5 tips for riding in the cold
Date Posted: January 21st, 2017
Macky Franklin, GI Sponsored Athlete
With my trip to Scotland approaching fast, and the impending damp and cold, I thought it would be timely to share some tips for riding in the cold. Riding in the cold can be fun if you're properly prepared and miserable if you aren't, so here are five tips for enjoying your cold-weather rides:
1. Layer: Obviously, if it's cold, you'll need to wear more. But instead of just throwing on a winter ski jacket, wear multiple layers. This gives you the option of shedding as your warm up so you don't end up overheating. It also gives you more choices as the temperature fluctuates during your ride. Start with a good base layer (I'd recommend some kind of performance wool) then add a mid-weight layer. If it's really cold, add a heavier layer and then top it all off with a windbreaker (or rain jacket if you expect it to be wet). On the bottom, I wear leg warmers until about 40-degrees and then below that put on a pair of insulated, windbreaking cycling pants.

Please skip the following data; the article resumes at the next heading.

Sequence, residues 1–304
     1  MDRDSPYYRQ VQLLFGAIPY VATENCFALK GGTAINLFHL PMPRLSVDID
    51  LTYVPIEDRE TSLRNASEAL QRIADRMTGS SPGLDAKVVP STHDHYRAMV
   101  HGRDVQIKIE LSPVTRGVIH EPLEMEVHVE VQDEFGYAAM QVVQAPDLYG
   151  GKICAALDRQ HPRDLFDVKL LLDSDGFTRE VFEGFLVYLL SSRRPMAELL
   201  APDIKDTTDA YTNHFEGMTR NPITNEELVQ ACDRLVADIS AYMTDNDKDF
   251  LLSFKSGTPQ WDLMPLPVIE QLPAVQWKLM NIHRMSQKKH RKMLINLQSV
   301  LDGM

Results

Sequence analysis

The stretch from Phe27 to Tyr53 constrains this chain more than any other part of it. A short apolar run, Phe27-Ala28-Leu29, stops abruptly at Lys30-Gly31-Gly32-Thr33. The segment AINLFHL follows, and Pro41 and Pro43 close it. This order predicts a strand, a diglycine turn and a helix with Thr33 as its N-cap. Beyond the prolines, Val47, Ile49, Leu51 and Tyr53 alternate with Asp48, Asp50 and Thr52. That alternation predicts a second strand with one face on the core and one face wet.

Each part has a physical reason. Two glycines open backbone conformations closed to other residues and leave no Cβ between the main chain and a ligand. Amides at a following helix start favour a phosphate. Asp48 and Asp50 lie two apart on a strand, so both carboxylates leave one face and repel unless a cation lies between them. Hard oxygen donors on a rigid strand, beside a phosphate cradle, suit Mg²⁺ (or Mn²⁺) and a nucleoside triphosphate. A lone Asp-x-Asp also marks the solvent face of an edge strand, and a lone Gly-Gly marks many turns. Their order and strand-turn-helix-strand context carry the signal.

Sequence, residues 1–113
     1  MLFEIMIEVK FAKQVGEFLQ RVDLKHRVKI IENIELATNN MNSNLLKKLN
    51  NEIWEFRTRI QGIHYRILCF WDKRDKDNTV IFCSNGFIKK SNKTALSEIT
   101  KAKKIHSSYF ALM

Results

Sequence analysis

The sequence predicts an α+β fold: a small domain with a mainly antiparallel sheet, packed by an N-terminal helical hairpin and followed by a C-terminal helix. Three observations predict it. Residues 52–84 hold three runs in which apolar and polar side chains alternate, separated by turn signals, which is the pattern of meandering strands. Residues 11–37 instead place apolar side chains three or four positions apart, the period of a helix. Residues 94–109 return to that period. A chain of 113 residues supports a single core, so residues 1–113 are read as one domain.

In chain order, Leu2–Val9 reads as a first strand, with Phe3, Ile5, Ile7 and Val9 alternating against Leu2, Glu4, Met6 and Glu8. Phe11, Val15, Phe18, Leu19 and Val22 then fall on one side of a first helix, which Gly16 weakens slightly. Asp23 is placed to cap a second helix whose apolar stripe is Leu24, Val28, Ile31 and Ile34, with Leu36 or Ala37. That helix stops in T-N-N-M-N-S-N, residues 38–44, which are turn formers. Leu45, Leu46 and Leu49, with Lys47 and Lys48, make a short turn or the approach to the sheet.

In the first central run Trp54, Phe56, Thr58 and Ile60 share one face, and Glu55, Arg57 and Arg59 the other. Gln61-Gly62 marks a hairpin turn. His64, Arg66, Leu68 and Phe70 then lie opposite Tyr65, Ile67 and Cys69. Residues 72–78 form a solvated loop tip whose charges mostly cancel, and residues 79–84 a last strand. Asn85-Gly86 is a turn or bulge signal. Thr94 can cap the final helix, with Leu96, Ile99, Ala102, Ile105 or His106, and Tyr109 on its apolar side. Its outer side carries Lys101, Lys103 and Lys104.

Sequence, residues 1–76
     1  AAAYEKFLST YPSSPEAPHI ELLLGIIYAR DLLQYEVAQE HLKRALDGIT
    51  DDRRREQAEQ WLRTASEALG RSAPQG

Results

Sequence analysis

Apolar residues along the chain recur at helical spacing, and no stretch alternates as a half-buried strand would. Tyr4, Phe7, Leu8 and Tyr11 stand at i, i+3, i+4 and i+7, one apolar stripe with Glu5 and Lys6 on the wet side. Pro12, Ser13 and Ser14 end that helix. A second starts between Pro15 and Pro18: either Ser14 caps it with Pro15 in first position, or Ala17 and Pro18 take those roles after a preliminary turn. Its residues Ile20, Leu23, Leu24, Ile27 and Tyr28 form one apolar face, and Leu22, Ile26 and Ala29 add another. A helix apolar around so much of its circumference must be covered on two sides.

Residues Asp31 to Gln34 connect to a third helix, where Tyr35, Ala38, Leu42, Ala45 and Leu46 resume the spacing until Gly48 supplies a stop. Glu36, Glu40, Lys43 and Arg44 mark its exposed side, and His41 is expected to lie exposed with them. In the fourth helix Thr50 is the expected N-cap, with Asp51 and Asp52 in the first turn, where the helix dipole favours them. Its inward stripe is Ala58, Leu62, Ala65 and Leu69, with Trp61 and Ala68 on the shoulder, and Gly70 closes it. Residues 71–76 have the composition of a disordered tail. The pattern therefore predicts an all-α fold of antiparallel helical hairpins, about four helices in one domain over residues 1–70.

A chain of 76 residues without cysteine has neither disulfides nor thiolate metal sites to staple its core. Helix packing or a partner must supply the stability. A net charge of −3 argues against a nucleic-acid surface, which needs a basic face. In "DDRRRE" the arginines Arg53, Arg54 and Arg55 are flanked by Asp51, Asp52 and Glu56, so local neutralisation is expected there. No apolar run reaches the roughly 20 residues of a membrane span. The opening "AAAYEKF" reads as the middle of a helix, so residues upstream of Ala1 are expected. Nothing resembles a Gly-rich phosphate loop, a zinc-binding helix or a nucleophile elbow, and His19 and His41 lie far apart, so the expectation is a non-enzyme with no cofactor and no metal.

2. Buff: Whenever it's cold, I wear at least one, and sometimes two, buffs. Buffs are basically a tube of fabric that can be used as a neck warmer, hat, chin warmer, ect. They're nice and thin so they fit under a helmet and are small enough to stuff in a pocket if you get too warm.
3. Gloves: If it's below 40 degrees, I bust out my POC Index Wind Breaker gloves. They're warm and block the wind and are still thin enough to provide good bar feel. If it drops below 30, I throw a pair of serious windbreaking gloves over those and I'm good down to about 15. Below that and it's time for ski gloves.
4. Footwear: Nothing ruins a ride faster than cold feet. One of my best investments was a pair of Shimano all-weather shoes. They're water-resistant and insulated and make a huge difference when it's cold. You should also wear wool socks, instead of cotton, a mistake I have to re-learn every year.
5. Stay dry: If you're riding in the cold, even if you're prepared, getting wet can ruin your ride. If you know there's a good chance you'll be riding in the rain or mud, wear a rain jacket, water-resistant shorts or pants, all-weather shoes and install a mud guard (I recommend the Marsh Guard). If you ride in the wet regularly, consider fenders to provide even more protection.
Here's a little video of riding in the snow: